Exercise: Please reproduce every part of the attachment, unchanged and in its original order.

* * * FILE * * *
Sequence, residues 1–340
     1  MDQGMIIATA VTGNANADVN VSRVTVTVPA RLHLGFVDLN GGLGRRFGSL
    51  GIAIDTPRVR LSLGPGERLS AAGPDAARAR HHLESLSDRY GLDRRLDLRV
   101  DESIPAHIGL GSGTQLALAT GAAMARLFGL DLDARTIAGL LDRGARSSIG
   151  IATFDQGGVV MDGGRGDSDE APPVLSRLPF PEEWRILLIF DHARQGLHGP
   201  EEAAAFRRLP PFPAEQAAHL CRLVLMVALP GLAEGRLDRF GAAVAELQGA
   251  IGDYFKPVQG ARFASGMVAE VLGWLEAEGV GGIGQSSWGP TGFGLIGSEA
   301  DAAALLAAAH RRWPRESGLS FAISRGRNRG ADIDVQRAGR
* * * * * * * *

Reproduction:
Sequence, residues 1–340
     1  MDQGMIIATA VTGNANADVN VSRVTVTVPA RLHLGFVDLN GGLGRRFGSL
    51  GIAIDTPRVR LSLGPGERLS AAGPDAARAR HHLESLSDRY GLDRRLDLRV
   101  DESIPAHIGL GSGTQLALAT GAAMARLFGL DLDARTIAGL LDRGARSSIG
   151  IATFDQGGVV MDGGRGDSDE APPVLSRLPF PEEWRILLIF DHARQGLHGP
   201  EEAAAFRRLP PFPAEQAAHL CRLVLMVALP GLAEGRLDRF GAAVAELQGA
   251  IGDYFKPVQG ARFASGMVAE VLGWLEAEGV GGIGQSSWGP TGFGLIGSEA
   301  DAAALLAAAH RRWPRESGLS FAISRGRNRG ADIDVQRAGR